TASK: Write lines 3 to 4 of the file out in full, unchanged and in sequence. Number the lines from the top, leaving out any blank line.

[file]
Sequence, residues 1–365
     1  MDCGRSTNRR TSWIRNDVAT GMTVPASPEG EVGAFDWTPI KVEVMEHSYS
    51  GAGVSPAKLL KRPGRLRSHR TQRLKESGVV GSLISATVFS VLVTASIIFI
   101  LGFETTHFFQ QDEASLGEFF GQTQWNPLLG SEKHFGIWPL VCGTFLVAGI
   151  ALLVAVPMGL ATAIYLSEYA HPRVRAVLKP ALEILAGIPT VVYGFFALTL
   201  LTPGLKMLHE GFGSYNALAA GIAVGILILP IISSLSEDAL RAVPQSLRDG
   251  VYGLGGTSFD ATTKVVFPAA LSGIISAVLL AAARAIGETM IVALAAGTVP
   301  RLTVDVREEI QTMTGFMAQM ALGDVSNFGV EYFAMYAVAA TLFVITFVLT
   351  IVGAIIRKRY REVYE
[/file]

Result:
    51  GAGVSPAKLL KRPGRLRSHR TQRLKESGVV GSLISATVFS VLVTASIIFI
   101  LGFETTHFFQ QDEASLGEFF GQTQWNPLLG SEKHFGIWPL VCGTFLVAGI